A nice alternative to a section of the C&O Canal trail
This trail parallels the C&O Canal towpath for almost it's whole length (in fact, you can see the towpath much of the time just on the other side of the canal). The first time I rode the C&O, I rode the towpath right past this trail because I didn't really know about it. The second time I rode the C&O, I used this trail to bypass about 20 miles of it, and it was a welcome relief, as I had been riding a heavily loaded road-touring bike on the somewhat rough towpath. Comparatively, the paved Western Maryland Rail Trail is super fast and smooth, and just as scenic for most of it's length. There is a several-mile-long section of the rail trail that runs right next to US Route 40, so it's a bit noisier than the towpath. Also, there are many places where it is easy to cross back and forth between the rail trail and the towpath, so you can ride the rail trail without having to bypass the camping areas along the towpath.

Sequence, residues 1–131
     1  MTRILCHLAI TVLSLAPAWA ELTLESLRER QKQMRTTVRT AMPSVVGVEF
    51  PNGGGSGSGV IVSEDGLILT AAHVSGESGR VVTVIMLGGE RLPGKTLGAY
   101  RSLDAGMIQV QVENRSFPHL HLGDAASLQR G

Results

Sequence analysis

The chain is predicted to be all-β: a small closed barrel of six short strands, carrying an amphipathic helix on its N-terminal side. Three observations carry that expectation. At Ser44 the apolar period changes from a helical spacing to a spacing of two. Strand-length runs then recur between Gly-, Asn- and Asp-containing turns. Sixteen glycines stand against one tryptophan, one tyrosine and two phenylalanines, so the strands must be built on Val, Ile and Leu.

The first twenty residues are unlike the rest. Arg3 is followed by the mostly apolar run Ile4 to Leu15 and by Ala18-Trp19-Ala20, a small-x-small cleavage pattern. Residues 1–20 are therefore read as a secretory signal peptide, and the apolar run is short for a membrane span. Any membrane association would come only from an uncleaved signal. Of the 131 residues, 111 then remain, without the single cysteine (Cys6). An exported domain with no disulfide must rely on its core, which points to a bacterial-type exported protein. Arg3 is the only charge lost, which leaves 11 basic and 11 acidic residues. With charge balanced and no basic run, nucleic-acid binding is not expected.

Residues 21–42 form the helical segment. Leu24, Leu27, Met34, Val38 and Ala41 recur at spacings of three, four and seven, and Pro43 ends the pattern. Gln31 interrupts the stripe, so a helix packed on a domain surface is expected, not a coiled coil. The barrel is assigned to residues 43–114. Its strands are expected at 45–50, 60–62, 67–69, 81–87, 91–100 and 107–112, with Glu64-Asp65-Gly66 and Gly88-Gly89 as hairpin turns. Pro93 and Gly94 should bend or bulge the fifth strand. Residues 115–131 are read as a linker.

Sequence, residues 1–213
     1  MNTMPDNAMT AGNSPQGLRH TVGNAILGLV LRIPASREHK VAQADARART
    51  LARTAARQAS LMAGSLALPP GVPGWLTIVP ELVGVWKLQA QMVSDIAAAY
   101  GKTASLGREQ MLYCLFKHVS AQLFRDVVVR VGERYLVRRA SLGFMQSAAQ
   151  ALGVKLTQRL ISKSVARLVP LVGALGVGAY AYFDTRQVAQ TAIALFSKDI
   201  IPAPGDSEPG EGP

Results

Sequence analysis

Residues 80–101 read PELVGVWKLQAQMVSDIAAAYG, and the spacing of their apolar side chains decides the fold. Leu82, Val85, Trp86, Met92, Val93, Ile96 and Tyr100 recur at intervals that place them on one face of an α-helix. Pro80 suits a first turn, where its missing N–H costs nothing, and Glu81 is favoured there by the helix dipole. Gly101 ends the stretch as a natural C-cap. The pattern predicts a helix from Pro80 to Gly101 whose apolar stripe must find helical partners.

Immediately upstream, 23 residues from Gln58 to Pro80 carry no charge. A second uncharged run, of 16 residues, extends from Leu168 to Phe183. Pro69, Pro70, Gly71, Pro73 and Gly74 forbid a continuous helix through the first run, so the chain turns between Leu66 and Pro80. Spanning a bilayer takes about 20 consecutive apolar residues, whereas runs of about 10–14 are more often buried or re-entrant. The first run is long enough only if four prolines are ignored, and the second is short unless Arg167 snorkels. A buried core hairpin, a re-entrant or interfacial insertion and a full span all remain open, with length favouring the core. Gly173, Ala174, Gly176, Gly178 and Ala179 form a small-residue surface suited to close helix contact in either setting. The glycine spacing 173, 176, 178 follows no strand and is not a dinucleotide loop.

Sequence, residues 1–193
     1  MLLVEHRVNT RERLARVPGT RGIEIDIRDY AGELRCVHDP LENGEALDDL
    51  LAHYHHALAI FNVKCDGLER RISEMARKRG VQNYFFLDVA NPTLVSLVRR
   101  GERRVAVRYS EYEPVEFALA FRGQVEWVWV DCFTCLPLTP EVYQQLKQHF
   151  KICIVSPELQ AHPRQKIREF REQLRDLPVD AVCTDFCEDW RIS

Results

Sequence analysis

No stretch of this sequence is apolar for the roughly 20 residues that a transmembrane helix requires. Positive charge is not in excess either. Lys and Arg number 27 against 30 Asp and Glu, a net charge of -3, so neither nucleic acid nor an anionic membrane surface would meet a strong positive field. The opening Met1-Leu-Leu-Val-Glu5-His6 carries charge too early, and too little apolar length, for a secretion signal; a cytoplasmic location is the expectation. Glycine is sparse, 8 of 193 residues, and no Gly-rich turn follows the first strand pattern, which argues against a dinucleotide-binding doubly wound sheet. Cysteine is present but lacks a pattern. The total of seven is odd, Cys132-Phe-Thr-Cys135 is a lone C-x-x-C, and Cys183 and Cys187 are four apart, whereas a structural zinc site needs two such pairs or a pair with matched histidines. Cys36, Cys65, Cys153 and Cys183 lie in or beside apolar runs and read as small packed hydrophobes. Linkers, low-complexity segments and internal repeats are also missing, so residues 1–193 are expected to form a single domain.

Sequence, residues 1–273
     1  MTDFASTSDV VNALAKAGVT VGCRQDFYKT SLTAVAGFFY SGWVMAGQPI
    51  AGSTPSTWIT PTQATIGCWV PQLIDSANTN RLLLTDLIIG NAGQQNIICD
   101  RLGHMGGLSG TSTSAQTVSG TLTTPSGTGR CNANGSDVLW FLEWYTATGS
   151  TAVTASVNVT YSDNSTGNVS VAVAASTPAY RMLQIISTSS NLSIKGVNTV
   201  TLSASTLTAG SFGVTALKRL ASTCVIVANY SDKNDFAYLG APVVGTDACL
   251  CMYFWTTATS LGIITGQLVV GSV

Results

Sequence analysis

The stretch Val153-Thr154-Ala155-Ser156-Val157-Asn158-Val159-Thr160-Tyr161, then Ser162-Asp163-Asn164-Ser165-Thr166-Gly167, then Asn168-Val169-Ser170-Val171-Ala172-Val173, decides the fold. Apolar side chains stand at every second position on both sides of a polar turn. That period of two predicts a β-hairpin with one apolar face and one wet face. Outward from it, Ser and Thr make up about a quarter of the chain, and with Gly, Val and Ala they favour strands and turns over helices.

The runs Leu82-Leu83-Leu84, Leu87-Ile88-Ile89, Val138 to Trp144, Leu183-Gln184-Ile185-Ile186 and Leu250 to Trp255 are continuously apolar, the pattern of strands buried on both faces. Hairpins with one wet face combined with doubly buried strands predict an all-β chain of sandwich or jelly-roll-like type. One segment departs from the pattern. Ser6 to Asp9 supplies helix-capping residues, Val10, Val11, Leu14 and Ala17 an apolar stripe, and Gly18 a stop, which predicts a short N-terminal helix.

I highly recommend stopping at Weaver's Restaurant and Bakery in Hancock. They have good food and epic deserts.
We did this trail in 2 parts over this weekend. We started in Hancock, which is central on the trail, rode the western 1/2 on Saturday and the eastern 1/2 on Sunday. This is a really beautiful trail. It's flat, so be prepared to pedal non-stop the entire distance. It is all asphalt, meticulously maintained and clean. It runs parallel to the C&O Canal Historic Towpath and there are many points where you can transition from one to the other if you wish. You'll see historical remnants all along the way. It was uncrowded and everyone we encountered was courteous and friendly. We enjoyed it immensely.
The town of Hancock is all about this trail and the cyclists that come to ride it. As a waitress in one of the diners where we ate told me, sadly, "it's all we have left". Hancock is a lovely little town with great charm and nice people, but has seen an economic downturn in recent years, losing their industry and their apple orchards, so they are very happy to have the business that cyclists bring to the area, and treat them accordingly.